The council has approved the construction of a 36 metre telecommunications tower in Borris in Ossory, despite an objection from two local residents who fear a negative visual impact on their property.
Cignal Infrastructure Ltd, based at Raheen Business Park, Limerick, applied to Laois County Council for permission to construct a telecommunications infrastructure comprising of a 36 metre multi-operator lattice tower with antenna and dishes attached, associated equipment and cabinets, and fencing, at Garranmaconly, Borris in Ossory.
The development will use the existing access and access track and permission was also sought to extend this track.
However, a submission against the plans was made by Gearóid Hooban and Erin Wall, Derrygooney, Knock, Roscrea, Co. Tipperary.
They said that the planning application was not in accordance with the Laois County Development Plan 2017-2023.
“The proposal for a 36m-high metal lattice tower in the heart of the country will have a severe negative impact as viewed from our property,” they said, explaining that their home is approximately 260m north of the proposed mast location. They also feared the impact on the surrounding areas.
They said that photomontage visual impact drawings supplied by the applicant do not take into account the visual impact after the harvest of trees within the commercial plantation.
Currently, 27 years after planting, the majority of broadleaf trees in the area are 7-10m tall, so they said that the screening of the tower is therefore impossible and have concerns about the lattice structure towering 20-26m above the broadleaf trees.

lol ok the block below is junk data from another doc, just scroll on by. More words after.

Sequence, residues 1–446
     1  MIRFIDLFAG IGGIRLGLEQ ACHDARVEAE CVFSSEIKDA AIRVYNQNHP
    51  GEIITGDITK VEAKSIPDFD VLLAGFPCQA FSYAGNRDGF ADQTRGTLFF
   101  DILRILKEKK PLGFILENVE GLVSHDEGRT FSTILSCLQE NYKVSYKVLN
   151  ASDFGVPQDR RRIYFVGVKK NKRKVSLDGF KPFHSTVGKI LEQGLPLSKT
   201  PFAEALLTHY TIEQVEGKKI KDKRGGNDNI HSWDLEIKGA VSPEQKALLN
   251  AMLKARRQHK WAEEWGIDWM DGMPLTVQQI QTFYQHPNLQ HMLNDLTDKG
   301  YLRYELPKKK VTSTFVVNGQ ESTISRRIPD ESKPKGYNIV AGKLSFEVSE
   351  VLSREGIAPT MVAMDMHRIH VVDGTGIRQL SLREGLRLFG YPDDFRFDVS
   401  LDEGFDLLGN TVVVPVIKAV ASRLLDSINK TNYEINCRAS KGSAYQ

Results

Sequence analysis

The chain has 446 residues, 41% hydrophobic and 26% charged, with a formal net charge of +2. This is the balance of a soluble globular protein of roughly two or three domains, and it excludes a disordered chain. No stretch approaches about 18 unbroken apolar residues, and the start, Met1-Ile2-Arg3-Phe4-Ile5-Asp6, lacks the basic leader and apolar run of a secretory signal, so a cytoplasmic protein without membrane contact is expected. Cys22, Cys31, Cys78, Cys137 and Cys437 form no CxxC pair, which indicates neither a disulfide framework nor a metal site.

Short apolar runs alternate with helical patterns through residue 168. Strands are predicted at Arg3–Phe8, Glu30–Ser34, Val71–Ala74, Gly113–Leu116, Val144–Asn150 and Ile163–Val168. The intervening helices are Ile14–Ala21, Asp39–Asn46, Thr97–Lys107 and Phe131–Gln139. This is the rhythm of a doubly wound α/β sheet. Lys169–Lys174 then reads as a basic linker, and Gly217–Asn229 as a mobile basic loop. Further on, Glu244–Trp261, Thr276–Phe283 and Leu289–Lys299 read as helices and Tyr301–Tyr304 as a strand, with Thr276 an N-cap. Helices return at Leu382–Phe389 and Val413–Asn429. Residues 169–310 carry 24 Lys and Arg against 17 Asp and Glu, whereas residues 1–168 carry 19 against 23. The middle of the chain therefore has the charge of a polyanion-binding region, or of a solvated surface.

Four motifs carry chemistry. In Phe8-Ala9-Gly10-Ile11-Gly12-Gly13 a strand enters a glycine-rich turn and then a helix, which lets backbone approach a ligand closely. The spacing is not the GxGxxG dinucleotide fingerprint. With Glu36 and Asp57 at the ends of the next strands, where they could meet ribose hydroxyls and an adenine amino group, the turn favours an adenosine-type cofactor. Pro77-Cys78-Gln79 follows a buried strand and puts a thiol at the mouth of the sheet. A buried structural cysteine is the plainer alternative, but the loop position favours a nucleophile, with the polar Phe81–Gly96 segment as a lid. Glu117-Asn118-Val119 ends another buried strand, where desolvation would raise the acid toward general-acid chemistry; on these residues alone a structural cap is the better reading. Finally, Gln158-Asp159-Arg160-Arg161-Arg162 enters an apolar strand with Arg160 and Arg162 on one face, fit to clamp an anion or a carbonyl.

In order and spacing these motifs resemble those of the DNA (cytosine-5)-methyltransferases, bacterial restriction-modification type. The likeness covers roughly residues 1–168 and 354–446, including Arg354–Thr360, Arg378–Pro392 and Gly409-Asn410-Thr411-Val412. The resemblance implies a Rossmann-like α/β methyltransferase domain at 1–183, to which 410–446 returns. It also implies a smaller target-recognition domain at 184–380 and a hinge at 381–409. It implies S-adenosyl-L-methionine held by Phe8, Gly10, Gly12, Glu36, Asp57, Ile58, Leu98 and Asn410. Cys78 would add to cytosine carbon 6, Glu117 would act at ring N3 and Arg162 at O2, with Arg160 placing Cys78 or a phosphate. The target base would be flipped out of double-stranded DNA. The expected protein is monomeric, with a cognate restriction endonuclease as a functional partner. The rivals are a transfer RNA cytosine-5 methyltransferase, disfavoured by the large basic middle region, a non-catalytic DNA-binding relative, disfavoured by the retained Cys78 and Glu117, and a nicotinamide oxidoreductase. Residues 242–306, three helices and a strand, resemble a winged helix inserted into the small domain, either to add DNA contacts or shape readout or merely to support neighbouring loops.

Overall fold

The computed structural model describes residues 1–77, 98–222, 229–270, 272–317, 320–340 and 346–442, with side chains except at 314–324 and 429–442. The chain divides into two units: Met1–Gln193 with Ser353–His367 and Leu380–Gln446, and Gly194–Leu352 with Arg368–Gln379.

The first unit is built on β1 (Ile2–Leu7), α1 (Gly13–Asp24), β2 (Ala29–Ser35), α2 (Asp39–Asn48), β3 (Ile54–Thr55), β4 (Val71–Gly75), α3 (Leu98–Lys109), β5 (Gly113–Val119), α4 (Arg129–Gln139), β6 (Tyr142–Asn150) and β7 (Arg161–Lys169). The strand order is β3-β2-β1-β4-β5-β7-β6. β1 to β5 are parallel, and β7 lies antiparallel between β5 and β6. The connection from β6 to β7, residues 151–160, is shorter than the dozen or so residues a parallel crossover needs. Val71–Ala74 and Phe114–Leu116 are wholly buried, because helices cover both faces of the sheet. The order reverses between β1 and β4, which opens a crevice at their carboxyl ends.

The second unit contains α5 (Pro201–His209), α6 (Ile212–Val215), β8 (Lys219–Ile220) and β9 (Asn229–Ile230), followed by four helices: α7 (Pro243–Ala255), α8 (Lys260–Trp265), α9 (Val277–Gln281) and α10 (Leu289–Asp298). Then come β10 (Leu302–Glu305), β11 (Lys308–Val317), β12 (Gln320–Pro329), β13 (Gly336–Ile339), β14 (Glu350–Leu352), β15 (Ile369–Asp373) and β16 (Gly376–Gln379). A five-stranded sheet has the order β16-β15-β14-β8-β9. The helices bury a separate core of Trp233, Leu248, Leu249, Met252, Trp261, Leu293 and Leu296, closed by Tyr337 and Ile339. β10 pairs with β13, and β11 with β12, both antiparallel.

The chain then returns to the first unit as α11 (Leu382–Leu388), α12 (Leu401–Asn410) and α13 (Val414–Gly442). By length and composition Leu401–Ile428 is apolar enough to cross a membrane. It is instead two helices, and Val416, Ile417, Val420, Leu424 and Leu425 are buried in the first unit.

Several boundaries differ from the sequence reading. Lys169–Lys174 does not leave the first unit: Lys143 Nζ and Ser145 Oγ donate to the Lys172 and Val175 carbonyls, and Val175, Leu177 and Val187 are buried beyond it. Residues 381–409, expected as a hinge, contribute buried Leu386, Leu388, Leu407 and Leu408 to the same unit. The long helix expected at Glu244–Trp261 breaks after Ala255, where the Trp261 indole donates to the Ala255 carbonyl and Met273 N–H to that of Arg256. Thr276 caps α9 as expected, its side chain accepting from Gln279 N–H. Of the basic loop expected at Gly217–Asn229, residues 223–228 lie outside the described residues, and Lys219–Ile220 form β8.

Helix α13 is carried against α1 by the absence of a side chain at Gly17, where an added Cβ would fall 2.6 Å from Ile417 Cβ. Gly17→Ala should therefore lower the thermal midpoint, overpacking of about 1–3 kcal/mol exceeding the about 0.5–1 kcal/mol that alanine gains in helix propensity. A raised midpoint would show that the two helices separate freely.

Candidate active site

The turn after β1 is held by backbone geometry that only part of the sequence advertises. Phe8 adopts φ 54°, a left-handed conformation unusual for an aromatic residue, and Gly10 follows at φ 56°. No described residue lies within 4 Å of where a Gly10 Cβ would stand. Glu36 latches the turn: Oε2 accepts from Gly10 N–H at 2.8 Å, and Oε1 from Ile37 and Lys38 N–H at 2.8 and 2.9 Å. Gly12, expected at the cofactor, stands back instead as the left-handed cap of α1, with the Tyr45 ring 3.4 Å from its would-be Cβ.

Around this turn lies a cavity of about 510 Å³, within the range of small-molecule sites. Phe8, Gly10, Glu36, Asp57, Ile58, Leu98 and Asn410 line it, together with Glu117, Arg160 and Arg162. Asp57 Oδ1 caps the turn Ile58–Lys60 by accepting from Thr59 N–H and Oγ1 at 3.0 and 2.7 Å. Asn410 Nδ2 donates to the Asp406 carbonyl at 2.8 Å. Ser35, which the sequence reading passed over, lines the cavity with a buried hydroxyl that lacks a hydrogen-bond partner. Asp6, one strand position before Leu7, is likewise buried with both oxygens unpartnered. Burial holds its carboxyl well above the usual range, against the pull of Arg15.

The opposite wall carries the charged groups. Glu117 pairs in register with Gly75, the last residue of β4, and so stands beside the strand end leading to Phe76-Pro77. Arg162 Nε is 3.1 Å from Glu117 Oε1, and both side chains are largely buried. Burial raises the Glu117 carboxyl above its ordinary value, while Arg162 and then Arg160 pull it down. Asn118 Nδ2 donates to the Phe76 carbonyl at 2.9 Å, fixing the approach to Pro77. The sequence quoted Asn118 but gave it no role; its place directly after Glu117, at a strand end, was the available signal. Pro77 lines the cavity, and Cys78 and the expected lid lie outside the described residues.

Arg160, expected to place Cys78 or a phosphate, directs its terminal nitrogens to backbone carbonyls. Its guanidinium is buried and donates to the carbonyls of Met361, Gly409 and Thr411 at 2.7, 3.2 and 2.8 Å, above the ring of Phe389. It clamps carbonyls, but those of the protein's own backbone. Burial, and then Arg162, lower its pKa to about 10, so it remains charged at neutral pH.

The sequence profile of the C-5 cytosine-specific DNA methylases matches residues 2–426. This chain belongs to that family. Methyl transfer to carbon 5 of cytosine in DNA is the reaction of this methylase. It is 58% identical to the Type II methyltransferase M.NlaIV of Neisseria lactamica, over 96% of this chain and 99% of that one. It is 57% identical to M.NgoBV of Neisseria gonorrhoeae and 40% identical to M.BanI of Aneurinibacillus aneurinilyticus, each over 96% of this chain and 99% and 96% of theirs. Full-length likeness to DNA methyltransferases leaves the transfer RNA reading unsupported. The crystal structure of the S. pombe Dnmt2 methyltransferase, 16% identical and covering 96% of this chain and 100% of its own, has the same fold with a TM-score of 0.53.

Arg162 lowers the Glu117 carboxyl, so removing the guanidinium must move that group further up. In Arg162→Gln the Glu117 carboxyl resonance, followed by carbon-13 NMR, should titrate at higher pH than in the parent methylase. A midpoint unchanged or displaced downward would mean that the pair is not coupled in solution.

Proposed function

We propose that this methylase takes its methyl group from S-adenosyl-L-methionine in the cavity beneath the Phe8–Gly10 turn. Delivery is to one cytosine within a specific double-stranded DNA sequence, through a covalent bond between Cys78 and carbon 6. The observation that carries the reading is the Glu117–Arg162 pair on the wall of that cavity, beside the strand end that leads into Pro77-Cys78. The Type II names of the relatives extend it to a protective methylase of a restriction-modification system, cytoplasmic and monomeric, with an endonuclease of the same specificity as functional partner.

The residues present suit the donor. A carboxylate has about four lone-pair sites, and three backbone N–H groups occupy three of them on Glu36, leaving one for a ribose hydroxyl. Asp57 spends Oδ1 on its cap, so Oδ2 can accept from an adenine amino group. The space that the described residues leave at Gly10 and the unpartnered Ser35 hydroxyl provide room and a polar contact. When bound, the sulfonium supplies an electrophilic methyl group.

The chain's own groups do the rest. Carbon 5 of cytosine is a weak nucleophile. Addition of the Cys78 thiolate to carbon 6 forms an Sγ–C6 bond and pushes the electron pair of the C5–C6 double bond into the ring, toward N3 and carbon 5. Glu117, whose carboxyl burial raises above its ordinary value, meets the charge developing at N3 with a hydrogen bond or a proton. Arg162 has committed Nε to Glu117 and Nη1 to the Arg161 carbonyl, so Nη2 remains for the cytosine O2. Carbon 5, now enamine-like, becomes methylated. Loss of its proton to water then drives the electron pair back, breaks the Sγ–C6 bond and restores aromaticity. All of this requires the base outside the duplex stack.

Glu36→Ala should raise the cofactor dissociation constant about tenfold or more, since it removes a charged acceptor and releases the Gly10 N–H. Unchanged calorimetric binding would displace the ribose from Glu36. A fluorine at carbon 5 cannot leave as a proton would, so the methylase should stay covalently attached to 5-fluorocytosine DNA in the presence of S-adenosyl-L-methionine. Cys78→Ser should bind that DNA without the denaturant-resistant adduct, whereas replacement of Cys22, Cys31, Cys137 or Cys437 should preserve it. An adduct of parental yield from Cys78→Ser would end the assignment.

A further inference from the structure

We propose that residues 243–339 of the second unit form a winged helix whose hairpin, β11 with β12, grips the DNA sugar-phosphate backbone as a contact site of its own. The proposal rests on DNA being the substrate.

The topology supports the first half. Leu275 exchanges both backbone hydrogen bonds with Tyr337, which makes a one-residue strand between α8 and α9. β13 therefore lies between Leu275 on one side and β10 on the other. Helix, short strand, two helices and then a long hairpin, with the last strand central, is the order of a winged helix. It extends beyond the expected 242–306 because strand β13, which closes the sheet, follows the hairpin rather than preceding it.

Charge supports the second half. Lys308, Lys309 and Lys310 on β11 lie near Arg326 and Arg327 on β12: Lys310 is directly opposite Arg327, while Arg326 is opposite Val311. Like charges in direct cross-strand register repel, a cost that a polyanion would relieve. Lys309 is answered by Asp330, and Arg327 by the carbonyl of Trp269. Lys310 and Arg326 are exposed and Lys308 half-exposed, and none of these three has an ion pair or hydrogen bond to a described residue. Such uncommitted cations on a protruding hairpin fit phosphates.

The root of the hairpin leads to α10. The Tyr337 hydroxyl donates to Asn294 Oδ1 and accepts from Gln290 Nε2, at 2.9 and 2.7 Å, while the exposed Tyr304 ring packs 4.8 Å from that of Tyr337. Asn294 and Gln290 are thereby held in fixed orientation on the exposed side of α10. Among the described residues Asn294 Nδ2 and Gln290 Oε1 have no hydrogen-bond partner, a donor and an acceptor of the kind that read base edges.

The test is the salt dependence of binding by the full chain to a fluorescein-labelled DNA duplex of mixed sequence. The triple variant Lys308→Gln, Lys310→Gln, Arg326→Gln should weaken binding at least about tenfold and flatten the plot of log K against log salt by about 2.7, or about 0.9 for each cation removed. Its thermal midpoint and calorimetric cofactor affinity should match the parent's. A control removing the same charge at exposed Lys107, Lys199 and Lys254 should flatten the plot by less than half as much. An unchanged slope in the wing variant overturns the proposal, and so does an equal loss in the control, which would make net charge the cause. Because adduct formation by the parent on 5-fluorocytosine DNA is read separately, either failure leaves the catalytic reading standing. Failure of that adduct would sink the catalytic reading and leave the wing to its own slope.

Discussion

They said that a more appropriate design given the sensitive rural surroundings would be a monopole metal structure disguised as a tree. The county development plan recommends monopoles instead of lattice types, and an environmentally acceptable design integrating it into the surrounding landscape.
In response to a request from the council for further information, Cignal Infrastructure Ltd said the potential visual impact is considered acceptable as the site is not subject to any specific landscape character designation.
“The landscape has the capacity to absorb the subject development,” the applicant said.
Considering the forested location the applicant said it was not proposed to amend the design of the structure to a cellular tree.
The applicant said there was a technical justification for the development due to the absence of telecommunications infrastructure and coverage services in the area.
Following this response, Mr Hooban and Ms Wall made a second submission to the council restating their objections.
Despite the couple's objections, the council has now granted planning permission to Cignal Infrastructure Ltd, subject to seven conditions.
The company was also granted permission for a similar development at Oldglass, Ballacolla, namely a 36 metre multi-operator lattice tower with antenna and dishes, associated equipment and cabinets, fencing, and the use and extension of the existing access track.
No submissions were made to the council against this development.